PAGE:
4 out of 5 stars
With all that is going on in the world today like pandemics, political tensions and natural disasters, it may be hard to remember a time when nuclear war was the primary threat. Yet, it was not too long ago that the Cold War between the Soviet Union and the United States raged on. Most of the work of espionage was occurring between these two superpowers. One story focuses on two men's work, one an influential leader within the Russian hierarchy and the other a British businessman, and their work to maintain peace on the planet.
In the late 1960s, tensions between the Kremlin and the White House moved towards breaking point. Each country was doing its best to build the most extensive nuclear arsenal. Oleg Penkovsky (Merab Ninidze) was a war hero and prominent member of the Soviet regime. Still, he saw what this stalemate was doing to his country and the world. This led him to send a letter to the CIA and MI6 agencies with a proposition to consider gaining access to Russian secrets as a means of staving off the inevitability of nuclear war. The two intelligence agencies' response was to find a non-conspicuous person to serve as a courier of this information. Which led to their eventual recruitment of British salesman Greville Wynne (Benedict Cumberbatch), who had dealings in Eastern Europe and was not a trained agent.
After some convincing, the unassuming salesman took up the opportunity to make new contacts across the Soviet Union and to meet Oleg Penkovsky, who he called Alex. The two men with the espionage community's support worked through a system of smuggling the information out of the country. In the meantime, the men become friends. Which led to a bond that transcended their commitment to their countries. Their friendship and patriotism are put to the test as the ensuing Cuban missile crisis looms on the horizon. This leads both men and agencies to decide the best tactic for getting Penkovsky and his family out of the country.
What could be dismissed as a long-forgotten mission from a bygone era would be a mistake on so many fronts. We need to have these reminders of our history to ensure that they do not repeat themselves. Yet, the most critical aspect of this film is that it is based on real people who were putting their lives at risk for the sake of world peace and that it is exceptionally well told. This is an espionage tale worth discovering between the compelling drama and the outstanding performances from the lead cast.
With the subtle and understated manner of director Dominic Cooke (On Chesil Beach) and the winsome tone of British culture, this has a unique tone within the espionage narrative. Benedict Cumberbatch (Doctor Strange) captures the naive arrogance and unassuming style of Greville Wynne. At the same time, Jessie Buckley (Misbehaviour) provides the perfect foil as his wife, Sheila. Then to add in the marvelous performance of Merab Ninidze as Penkovsky along with Rachel Brosnahan (The Marvelous Mrs. Maisel) and Angus Wright (The Crown) as the spy agency attaches makes for a beautiful mix of characters. Even though it is visually cast in the gray tones of the Soviet Union, the story is driven by this talented team of actors.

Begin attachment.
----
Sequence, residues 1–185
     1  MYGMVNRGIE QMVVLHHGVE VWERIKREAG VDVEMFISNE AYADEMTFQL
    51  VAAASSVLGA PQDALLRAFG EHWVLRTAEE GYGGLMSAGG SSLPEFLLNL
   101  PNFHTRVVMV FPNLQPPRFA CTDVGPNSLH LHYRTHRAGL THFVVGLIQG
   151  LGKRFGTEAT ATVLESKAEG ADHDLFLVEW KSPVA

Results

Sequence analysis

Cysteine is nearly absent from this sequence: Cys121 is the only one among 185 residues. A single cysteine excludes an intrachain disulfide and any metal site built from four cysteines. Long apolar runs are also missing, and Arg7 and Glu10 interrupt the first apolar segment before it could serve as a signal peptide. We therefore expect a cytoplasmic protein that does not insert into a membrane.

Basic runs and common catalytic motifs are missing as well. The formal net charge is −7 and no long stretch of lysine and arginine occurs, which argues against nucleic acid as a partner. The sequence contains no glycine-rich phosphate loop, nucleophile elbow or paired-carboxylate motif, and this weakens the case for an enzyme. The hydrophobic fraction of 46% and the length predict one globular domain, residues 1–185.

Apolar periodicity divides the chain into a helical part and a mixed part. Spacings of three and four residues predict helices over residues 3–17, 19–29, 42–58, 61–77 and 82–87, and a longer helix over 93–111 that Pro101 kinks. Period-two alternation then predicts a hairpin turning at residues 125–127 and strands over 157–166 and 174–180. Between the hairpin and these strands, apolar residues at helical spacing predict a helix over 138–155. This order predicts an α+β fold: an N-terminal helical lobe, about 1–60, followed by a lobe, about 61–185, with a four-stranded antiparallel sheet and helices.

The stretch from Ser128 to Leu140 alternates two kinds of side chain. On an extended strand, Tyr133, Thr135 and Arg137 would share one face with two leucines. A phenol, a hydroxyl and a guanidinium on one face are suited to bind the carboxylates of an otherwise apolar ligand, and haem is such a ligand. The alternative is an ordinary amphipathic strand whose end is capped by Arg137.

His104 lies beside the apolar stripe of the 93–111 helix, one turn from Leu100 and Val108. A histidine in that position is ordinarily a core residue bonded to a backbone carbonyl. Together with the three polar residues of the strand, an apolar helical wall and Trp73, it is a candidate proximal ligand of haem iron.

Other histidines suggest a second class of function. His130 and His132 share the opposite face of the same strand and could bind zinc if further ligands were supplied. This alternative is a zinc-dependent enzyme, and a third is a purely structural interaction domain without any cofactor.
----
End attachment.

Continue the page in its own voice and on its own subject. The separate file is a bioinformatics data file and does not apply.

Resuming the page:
The Courier is an example of how humanity has changed, but remains the same in so many ways. The technologies and methods of communication have evolved over time. The methods of our political structures and how we treat our fellow men have not deviated much over time. Still, Wynne and Penkovsky’s quiet historical battle does show the value of friendship and loyalty. More importantly, it shows how we are capable of good even though everything around us seems to prove the contrary.
REEL DIALOGUE: Are you faithful to your country?
Where are the roots of patriotism? The Courier will cause the least patriotic person to consider their love for the country in which they live. It is a tale that shows how patriotism can be something worth dying for, but still forcing anyone to consider the costs of that grand commitment. Wynne and Penkovsky’s account will cause audiences to ask what they would do to betray or fight for their country. It has the potential to rub every nerve raw. However, it interestingly will still manage to cause one to think about their own level of commitment to the land they love.
Yet, is patriotism a biblical concept? Yes and no. A Christian should understand that their citizenship is not found in an earthly kingdom, but in the Kingdom of God. Not to diminish or undermine a person's pride in their country, but to realise the first priority of a follower of God. Loyalty to God and then to the earthly country they live in during this life.
Blessed is the nation whose God is the Lord, the people he chose for his inheritance. - Psalm 33:12